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Padraig Harrington Perfectly Outlines A Huge Issue In Golf

Padraig Harrington Perfectly Outlines A Huge Issue In Golf
By Michael McCarthy Updated

A month shy of his 51st birthday, Phil Mickelson became the oldest winner of a major championship when he took home the PGA Championship at Kiawah Island on Sunday. In fourth position was another former PGA Champion, and a man just a couple of months shy of his own 50th birthday, Padraig Harrington.

It's what we all want to see at these major championships - the old guard rolling back the years and facing off against the young bucks who tear up the PGA Tour week-in, week-out.

Afterwards, Harrington spoke at length about the his performance and the brilliant conditions of Kiawah. A notoriously tough course, as close to links golf as a parkland course can be, the Ocean Course at Kiawah Island doesn't see much action in professional golf. It hosted the PGA again nine years ago when Rory McIlroy won his second major, the World Cup of Golf (which Harrington won for Ireland with Paul McGinley) in 2003 and 1997, and the 1991 Ryder Cup.

The fact that such a fantastic course doesn't exist on the regular schedule emphasises that standard, birdie heavy golf is what the PGA Tour is all about. When majors come around that are seen as too difficult, the players will often gripe and moan for the week, complaining about "fairness."

Harrington, like Mickelson, excelled this week in tough conditions. Week-in, week-out, both struggle to live with the firepower of the modern player. But when guile and touch are to the fore as they were this week, the legends of the game can still compete. Harrington said as much after the event.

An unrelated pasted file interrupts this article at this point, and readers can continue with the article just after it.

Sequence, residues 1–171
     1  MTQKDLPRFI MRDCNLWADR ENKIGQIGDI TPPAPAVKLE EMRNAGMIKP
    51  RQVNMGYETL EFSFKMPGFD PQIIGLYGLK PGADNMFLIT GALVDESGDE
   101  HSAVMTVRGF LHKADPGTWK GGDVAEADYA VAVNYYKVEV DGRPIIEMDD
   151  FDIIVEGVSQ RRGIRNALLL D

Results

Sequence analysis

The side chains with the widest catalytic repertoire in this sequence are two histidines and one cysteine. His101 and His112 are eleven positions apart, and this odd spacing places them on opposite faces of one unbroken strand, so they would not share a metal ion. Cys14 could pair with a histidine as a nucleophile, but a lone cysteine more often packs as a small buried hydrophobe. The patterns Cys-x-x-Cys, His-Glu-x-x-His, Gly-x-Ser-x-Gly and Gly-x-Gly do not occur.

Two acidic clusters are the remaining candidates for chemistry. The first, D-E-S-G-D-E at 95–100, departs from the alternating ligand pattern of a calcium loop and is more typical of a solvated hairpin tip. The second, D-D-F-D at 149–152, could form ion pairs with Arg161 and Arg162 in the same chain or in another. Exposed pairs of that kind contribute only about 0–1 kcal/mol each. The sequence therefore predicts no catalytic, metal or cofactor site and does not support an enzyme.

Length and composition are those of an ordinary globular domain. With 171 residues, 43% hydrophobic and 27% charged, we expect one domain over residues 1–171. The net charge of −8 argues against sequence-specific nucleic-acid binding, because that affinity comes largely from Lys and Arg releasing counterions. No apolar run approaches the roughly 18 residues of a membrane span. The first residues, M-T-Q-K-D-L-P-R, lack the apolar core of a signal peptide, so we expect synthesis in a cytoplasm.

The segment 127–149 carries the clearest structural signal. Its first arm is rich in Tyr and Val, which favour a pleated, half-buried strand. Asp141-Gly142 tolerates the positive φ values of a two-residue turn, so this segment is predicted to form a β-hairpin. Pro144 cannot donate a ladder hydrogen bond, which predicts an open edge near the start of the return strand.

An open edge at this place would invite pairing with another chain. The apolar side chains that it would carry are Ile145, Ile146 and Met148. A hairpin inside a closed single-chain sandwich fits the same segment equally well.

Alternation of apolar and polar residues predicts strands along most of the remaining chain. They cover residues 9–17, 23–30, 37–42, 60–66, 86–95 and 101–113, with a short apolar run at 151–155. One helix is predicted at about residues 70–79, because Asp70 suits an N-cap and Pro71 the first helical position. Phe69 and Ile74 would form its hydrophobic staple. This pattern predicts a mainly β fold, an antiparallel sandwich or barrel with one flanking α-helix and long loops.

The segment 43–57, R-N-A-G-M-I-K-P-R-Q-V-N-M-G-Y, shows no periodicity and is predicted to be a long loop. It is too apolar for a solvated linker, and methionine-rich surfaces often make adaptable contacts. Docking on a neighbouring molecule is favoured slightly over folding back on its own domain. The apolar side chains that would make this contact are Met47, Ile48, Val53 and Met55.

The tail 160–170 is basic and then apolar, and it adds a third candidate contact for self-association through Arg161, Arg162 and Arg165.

I can't tell you how good a setup this was this week. I have to say, it was probably the best Major setup I've ever seen. It may have been equaled in the past, but it couldn't have been bettered. I know the golf course is fantastic, but they really set the course up that there was opportunities to make bogies, and opportunities to make birdies. It really was that case.

I'd love to play this style of golf every week. I would be a bit more competitive that playing a regular... a regular tour event, it's hard. It's a lot easier at these majors.

It's an interesting thought. Played in tougher, windier conditions, the likes of a Harrington flourished. When all is equal and soft green courses produce tepid challenges, power becomes the key to victory.



It's a unique issue for golf, and one that should be seen as an opportunity for the game. The tougher the conditions are, the more the wily veterans can compete. The easier they are, the more it becomes about the athlete.

With that said, there are plenty of the young bucks on tour that are good enough to take the mantle, no matter what the conditions. The younger players who are good enough still have an advantage no matter what. Of the last five of each of the four Majors played, only three winners have been 40 or over. But there's no doubt that. In those 20 tournaments, there were 13 "Top 5" finishes for players over 40, with an average winning age of 32.2. In the last 20 regular tournaments played on the PGA Tour, the average winning age drops to 30.4, and there were only eight "Top 5" finishes from the over 40s. Also, it's important to point out that not all major courses are set up as difficult as Kiawah Island was last week.

So, when the playing field is levelled just slightly, the sport gives us stories like Mickelson's win and Harrington's comeback. It's what we want to see. And unlike other sports where any attempt to level the playing field is a dangerous pandering to big names who are past it, the unique opportunity for golf is that this is done by actually making things MORE difficult. If the power hitting kids can't handle having to make a few shots, then so be it!


Let's hope the days of Kiawah Island-like Major Championships aren't such a rarity in future.


SEE ALSO: What Padraig Harrington's Rolling Back Of The Years Means For The Ryder Cup Captain




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